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Re: [PATCH] doc fix for c/71560 - union compound literal initializes wrong union field


On 07/01/2016 05:56 PM, Martin Sebor wrote:
The bug points out a couple of conformance problems in the GCC
manual where is discusses compound literals and casts to unions
and says that a compound literal is equivalent to a cast.  It
isn't because a compound literal is an lvalue but a cast yields
an rvalue.

The attached patch corrects this error and adds some clarifying
text to illustrate the differences.

This looks OK modulo some markup problems.

@@ -1905,18 +1906,23 @@ such an initializer, as shown here:
 char **foo = (char *[]) @{ "x", "y", "z" @};
 @end smallexample

-Compound literals for scalar types and union types are
-also allowed, but then the compound literal is equivalent
-to a cast.
+Compound literals for scalar types and union types are also allowed.  In
+the following example the variable @var{i} is initialized to the value

s/@var/@code/

(@var is for metasyntactic variables, not program variables.)

@@ -1934,22 +1940,21 @@ static int z[] = @{1, 0, 0@};

 In C, a compound literal designates an unnamed object with static or
 automatic storage duration.  In C++, a compound literal designates a
-temporary object, which only lives until the end of its
-full-expression.  As a result, well-defined C code that takes the
-address of a subobject of a compound literal can be undefined in C++,
-so the C++ compiler rejects the conversion of a temporary array to a pointer.
-For instance, if the array compound literal example above appeared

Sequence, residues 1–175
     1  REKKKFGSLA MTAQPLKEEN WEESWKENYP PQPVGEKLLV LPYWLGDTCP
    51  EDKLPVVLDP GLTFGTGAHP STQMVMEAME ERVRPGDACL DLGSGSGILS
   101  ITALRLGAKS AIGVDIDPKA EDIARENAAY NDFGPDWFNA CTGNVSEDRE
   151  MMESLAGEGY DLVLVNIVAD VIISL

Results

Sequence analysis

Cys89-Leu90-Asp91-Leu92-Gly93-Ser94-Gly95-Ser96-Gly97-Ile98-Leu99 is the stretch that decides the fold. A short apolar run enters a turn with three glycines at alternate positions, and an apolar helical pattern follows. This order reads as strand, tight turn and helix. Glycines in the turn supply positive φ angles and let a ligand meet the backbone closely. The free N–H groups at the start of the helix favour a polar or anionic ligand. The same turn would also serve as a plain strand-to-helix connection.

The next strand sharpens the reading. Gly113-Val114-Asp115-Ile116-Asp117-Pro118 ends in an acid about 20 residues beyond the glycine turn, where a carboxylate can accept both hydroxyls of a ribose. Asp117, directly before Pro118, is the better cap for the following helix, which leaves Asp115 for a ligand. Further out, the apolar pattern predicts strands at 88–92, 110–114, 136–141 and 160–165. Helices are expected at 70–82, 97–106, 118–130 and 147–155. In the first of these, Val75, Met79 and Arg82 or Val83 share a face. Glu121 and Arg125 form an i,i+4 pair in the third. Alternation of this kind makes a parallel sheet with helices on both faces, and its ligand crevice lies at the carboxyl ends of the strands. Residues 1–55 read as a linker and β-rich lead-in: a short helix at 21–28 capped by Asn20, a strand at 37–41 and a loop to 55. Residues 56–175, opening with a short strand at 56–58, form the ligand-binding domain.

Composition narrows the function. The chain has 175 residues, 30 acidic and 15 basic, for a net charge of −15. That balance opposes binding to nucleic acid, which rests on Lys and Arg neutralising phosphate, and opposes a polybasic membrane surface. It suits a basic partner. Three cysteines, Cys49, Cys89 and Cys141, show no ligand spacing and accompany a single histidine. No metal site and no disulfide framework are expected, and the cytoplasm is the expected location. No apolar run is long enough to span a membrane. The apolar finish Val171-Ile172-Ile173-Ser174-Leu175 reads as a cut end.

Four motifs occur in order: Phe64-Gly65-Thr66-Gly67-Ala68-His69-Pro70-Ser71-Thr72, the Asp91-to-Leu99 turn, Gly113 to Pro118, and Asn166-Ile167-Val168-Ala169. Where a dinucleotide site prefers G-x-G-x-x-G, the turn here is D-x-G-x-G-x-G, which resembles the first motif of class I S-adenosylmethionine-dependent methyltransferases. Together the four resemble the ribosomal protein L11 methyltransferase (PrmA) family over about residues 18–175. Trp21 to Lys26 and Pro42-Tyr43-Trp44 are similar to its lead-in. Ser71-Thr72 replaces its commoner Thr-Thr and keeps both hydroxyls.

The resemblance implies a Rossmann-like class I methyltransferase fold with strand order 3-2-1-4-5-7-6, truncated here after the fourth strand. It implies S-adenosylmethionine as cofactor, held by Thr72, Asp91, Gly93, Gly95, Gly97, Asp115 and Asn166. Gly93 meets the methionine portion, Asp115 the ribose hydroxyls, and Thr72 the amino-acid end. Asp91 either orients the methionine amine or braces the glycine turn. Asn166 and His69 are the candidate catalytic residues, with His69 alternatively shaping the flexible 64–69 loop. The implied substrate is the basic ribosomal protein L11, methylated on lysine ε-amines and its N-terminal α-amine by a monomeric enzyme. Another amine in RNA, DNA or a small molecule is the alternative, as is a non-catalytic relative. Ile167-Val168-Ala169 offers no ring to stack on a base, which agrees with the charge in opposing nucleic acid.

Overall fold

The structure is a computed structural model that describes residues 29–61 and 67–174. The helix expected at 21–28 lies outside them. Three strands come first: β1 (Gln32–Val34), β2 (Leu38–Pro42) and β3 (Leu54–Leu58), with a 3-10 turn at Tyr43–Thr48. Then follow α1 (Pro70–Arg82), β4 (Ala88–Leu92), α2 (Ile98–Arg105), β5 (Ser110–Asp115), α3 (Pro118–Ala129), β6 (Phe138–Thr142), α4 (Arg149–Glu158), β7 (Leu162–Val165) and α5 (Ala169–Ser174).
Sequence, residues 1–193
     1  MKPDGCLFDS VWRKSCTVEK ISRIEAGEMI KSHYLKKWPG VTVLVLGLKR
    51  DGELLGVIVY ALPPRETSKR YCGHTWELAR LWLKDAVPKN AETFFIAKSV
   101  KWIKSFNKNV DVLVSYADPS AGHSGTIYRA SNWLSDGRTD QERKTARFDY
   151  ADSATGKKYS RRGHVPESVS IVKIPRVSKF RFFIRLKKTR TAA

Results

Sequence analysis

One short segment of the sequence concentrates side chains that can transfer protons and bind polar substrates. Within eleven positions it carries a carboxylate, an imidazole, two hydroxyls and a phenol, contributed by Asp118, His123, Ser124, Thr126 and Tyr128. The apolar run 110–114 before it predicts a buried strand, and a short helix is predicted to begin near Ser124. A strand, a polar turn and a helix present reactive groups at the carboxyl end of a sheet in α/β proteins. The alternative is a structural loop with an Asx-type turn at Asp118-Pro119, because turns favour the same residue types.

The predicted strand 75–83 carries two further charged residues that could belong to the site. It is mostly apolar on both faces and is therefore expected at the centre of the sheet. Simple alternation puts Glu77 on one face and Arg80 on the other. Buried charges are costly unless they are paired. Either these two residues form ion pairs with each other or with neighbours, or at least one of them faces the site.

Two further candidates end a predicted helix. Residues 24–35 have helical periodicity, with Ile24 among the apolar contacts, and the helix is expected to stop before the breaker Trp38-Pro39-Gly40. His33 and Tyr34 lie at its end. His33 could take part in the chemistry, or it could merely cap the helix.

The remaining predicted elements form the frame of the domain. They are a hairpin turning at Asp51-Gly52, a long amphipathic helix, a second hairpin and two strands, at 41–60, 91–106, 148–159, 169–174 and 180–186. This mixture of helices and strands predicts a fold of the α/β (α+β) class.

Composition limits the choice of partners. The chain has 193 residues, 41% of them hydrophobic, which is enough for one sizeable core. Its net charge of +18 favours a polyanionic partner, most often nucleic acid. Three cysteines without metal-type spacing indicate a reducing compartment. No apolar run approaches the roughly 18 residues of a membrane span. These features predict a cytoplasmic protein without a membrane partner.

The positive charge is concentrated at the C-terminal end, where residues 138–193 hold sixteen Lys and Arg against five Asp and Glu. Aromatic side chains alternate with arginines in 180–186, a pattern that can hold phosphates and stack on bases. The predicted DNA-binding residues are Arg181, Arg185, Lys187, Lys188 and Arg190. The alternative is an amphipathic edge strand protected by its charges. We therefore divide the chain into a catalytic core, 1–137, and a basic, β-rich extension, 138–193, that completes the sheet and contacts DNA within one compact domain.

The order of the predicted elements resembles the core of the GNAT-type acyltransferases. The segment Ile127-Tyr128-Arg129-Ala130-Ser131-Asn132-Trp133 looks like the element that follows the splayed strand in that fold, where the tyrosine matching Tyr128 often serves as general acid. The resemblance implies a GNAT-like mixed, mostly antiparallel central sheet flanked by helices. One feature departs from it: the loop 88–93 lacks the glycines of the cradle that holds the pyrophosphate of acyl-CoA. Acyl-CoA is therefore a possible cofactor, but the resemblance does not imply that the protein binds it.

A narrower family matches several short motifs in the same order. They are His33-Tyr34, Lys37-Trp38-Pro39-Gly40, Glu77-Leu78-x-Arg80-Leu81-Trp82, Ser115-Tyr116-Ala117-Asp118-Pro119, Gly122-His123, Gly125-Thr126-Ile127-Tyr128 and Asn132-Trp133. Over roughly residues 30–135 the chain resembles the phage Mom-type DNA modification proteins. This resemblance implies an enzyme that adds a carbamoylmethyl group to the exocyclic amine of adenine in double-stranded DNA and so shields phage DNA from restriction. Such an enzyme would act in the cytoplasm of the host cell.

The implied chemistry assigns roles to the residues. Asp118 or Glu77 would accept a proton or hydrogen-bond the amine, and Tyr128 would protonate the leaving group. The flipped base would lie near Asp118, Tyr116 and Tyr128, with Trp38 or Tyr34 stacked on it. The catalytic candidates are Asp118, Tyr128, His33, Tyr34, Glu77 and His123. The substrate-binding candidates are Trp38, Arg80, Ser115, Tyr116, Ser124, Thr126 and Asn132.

-inside a function, any subsequent use of @samp{foo} in C++ has
-undefined behavior because the lifetime of the array ends after the
-declaration of @samp{foo}.
+temporary object that only lives until the end of its full-expression.
+As a result, well-defined C code that takes the address of a subobject
+of a compound literal can be undefined in C++, so G++ rejects
+the conversion of a temporary array to a pointer.  For instance, if
+the array compound literal example above appeared inside a function,
+any subsequent use of @samp{foo} in C++ would have undefined behavior
+because the lifetime of the array ends after the declaration of @samp{foo}.

-As an optimization, the C++ compiler sometimes gives array compound
-literals longer lifetimes: when the array either appears outside a
-function or has const-qualified type.  If @samp{foo} and its
-initializer had elements of @samp{char *const} type rather than
-@samp{char *}, or if @samp{foo} were a global variable, the array
-would have static storage duration.  But it is probably safest just to
-avoid the use of array compound literals in code compiled as C++.
+As an optimization, G++ sometimes gives array compound literals longer
+lifetimes: when the array either appears outside a function or has
+a const-qualified type.  If @samp{foo} and its initializer had elements
+of type @samp{char *const} rather than @samp{char *}, or if @samp{foo}
+were a global variable, the array would have static storage duration.
+But it is probably safest just to avoid the use of array compound
+literals in C++ code compiled.

I think it would be more appropriate to use @code rather than @samp markup throughout this discussion, since foo, char*, etc are "entire syntactic tokens", per the texinfo manual.

-Sandra the nit-picky


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